Marrone di Castel del Rio (Castel del Rio chestnut)
DESCRIPTION: Product size: medium-large size (normally not more than 90 nuts/kg). Prevalently ellipsoidal shape; not very prominent top with the presence of tomentum, terminating in a tuft typical of the species; one lateral face tending to be flat, the other greatly convex; quadrangular-shaped hilar cicatrix (or eye), generally flat, which does not continue onto the lateral faces. Thin, reddish-brown pericarp, with 25 to 30 darker, raised, longitudinal striations. The pericarp is easily detached from the episperm, which is chamois-coloured and which rarely recedes into the larger grooves in the seed. The seed, of which there is normally one per nut, has a meat which is white, crisp and pleasantly sweet flavoured, with a surface almost entirely without grooves.
GEOGRAPHICAL AREA: Communes of Castel del Rio, Fontanelice, Casal Fiumanese, Borgo Tossignano.
EVIDENCE OF ORIGIN: In the Middle Ages the Massa, today the town of Castel del Rio, became a trading centre and changed its name to Mercatale (as it was called in some 15th century documents from Imola, but the name certainly goes back to the previous century). At the beginning of the 1600s, Rodrigo Alidosi (1589-1623), lord of Castel del Rio, was able to claim that "every week the best market in Romagna" was held at Castel del Rio. A report on Castel del Rio from 1618 was found recently at the State Archives in Florence, which, among the many and interesting accounts it gives, states: "and there is a Market there every Wednesday, where a great many people from nearby areas come together", "and the Marrons, of which they Export a great number, and most dry them and remove the shell, and sell them with excellent reputation, always something more than for the selling of grain".
The fundamental importance of the growing of marron chestnuts is recalled by several historical accounts, one of the most important being the "Editto sopra l'incisione dei castagni" ("Edict on the Cutting of chestnut Trees") found in the Castel del Rio communal archives, signed in 1694 by the Governor Antonio Maria Manzoni, which replaced and annulled the previous law of 1584 regulating the cutting to be done in the chestnut woods. The edict began: "It being that a great part of the revenues obtained from the territory of Castel del Rio come from the fruit of the chestnut" , and goes on at length on the importance that chestnut-growing had in the local economy in centuries past. Later it was deemed necessary to have a triweekly market in the autumn months in Castel del Rio, the only one in all the towns in the valley above Imola, as shown by documents from as early as the first decades of the 19th century. The building of the Montanara Road along the valley between 1829 and 1889 and the arrival of the railroad helped to spread this product to a wider market in Italy and abroad. To be able to give a number to the size of the area occupied by chestnut trees, it is necessary to arrive at 1885, when the Mayor of Castel del Rio, by request of the Prefect of Ravenna, sent a report on the local agricultural production, from which it can be seen that out of 3900 Ha of cultivated land, 1450 Ha, or 40%, was covered by chestnut groves. In subsequent years chestnuts continued to have considerable importance in the area's economy, with the local historian Giuseppe Fortunato Cortini writing in 1932 "... but the speciality of Castel del Rio is the Marron chestnut, highly prized in foreign markets as well".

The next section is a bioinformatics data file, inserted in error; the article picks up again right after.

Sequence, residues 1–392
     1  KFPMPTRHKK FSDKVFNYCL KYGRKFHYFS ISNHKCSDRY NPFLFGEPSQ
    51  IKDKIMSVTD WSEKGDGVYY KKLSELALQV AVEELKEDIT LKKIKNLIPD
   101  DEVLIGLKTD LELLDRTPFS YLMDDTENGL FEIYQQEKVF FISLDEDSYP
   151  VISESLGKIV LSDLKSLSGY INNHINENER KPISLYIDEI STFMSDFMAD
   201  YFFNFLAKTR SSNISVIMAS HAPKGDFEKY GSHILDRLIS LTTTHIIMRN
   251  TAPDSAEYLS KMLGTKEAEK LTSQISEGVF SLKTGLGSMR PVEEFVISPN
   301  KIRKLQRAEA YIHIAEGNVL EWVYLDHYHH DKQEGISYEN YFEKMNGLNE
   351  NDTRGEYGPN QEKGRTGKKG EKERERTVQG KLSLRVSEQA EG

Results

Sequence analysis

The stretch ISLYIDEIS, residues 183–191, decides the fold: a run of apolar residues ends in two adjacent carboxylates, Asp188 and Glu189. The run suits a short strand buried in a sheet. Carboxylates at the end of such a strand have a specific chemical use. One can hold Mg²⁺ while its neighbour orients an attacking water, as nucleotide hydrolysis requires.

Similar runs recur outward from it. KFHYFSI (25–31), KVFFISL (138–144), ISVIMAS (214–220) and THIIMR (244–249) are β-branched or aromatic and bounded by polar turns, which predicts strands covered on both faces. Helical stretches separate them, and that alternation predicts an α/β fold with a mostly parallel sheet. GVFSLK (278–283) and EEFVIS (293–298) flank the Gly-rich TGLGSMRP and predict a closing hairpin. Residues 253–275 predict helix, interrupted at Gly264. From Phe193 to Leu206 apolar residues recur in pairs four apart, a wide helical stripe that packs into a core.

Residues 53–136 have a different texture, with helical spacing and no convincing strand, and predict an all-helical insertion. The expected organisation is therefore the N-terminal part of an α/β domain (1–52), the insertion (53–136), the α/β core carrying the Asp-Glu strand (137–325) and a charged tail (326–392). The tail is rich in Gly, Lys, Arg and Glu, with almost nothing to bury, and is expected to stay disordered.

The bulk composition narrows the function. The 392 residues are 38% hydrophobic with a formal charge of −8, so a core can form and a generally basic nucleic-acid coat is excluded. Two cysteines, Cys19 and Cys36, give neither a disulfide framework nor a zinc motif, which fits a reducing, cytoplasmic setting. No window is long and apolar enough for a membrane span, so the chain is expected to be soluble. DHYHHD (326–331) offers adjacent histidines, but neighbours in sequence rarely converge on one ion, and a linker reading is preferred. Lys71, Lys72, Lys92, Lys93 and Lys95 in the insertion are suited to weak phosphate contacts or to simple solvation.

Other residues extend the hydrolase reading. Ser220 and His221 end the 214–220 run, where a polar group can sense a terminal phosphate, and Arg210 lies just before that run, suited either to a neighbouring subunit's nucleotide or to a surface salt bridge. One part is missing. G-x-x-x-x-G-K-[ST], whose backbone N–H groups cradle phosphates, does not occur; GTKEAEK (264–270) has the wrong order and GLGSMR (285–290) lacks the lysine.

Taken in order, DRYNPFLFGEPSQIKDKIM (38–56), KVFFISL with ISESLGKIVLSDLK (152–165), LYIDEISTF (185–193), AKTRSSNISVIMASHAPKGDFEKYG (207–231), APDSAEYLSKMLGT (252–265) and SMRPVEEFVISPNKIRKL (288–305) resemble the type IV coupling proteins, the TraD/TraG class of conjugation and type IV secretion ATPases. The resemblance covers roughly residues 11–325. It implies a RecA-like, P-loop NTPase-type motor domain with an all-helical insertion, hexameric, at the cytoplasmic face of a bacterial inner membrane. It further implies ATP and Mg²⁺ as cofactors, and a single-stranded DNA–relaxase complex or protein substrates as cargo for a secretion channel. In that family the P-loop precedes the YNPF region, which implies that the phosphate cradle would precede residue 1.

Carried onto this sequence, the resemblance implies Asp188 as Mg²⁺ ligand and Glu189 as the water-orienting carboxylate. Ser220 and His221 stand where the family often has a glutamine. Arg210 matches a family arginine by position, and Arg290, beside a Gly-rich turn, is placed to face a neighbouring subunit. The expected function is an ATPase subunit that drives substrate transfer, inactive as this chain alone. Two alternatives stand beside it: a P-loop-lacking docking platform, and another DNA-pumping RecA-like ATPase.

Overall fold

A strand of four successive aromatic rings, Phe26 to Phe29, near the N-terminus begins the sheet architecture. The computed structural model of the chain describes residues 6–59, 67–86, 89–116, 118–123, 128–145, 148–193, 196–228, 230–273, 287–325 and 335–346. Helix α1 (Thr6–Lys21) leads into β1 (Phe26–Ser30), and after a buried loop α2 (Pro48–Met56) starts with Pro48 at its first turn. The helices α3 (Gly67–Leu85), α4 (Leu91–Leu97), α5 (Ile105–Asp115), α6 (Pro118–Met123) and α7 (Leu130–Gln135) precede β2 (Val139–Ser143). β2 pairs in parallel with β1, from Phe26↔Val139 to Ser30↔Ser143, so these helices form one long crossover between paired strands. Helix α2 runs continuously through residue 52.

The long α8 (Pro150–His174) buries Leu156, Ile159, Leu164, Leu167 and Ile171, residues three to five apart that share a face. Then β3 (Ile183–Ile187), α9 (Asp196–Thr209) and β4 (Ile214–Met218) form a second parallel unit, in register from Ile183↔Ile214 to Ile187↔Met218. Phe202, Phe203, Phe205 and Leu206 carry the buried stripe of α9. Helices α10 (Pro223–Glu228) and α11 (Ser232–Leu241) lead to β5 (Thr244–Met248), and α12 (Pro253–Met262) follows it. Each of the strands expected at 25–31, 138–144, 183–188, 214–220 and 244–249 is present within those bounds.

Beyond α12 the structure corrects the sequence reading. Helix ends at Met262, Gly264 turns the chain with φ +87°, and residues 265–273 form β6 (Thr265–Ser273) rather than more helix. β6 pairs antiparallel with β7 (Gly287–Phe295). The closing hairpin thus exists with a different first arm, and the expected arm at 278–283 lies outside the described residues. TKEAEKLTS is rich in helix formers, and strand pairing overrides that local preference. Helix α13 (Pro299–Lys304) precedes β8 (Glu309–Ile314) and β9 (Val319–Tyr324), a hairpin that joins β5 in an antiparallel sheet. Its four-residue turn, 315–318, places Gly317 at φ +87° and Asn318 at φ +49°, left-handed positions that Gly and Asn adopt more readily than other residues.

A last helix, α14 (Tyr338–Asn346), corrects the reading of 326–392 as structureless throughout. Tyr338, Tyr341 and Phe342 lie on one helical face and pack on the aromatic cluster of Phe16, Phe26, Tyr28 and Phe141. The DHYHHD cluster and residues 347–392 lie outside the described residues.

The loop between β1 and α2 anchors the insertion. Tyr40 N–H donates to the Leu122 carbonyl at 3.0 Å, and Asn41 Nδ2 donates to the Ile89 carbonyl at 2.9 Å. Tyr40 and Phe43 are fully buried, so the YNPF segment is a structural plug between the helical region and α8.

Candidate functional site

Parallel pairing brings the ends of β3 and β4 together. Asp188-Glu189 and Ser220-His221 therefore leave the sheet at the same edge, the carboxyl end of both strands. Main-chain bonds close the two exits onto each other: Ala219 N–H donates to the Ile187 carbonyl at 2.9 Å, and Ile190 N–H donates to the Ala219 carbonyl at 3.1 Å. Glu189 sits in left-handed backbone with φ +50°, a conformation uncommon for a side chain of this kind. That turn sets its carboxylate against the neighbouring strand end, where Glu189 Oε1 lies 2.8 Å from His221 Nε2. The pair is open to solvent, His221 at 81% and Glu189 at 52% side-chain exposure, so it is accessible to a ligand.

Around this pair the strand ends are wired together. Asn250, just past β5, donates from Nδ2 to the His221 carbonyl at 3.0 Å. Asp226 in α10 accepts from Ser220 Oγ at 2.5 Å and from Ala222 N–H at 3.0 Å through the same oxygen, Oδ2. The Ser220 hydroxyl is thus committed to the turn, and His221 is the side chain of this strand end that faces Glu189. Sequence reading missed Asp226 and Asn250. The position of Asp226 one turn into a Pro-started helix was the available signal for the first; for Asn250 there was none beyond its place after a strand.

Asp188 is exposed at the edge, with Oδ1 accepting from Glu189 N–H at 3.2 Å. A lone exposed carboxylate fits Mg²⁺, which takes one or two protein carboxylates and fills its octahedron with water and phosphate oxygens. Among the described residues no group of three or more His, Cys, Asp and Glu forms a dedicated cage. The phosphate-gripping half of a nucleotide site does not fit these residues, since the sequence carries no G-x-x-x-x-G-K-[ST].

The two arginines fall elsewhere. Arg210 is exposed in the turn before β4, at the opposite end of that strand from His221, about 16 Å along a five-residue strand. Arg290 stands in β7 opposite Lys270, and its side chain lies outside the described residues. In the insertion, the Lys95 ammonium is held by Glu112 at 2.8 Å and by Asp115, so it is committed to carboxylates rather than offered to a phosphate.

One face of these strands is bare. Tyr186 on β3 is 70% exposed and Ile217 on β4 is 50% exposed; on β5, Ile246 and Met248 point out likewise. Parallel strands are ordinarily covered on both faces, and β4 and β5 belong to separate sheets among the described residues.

ACQUISITION: The environmental cultivation conditions of the chestnut groves for marron production must be the traditional conditions of the area, and in any case suitable for providing the product with the characteristics of the area. The planting distances, forms and pruning methods must be those in general use, with a density between a minimum of 75 and a maximum of 125 trees per hectare. Only those chestnut groves with the proper position and orientation situated at an altitude between 200 and 800 meters above sea level shall be considered acceptable. All forcing practices, all use of chemical fertilizers and the use of pesticides during the productive stage are prohibited. The maximum allowable unitary yield for marron chestnuts is 1500 kg per hectare. Any preserving of the marron for the purpose of extending the marketing period must be done according to traditional methods, and the use of chemical products is prohibited.
LINK: As indicated above, there is a close historical and cultural link between the area and the marron chestnut, such that marron festivals and fairs have taken place since the 1800s. Thus a particular degree of professionalism has been reached which is unique in this sector, with 70% of operators making their income from marrons. Today an area of 550 Ha is occupied by chestnut groves, for a production of approximately 600 tonnes. The importance of this typical product has already been made evident by the financial aid obtained from the European Union through IMP measures. These projects have made possible the recovery, improvement and conservation of chestnut-producing groves and the promotion of the marron chestnut.
Reference: The European Commission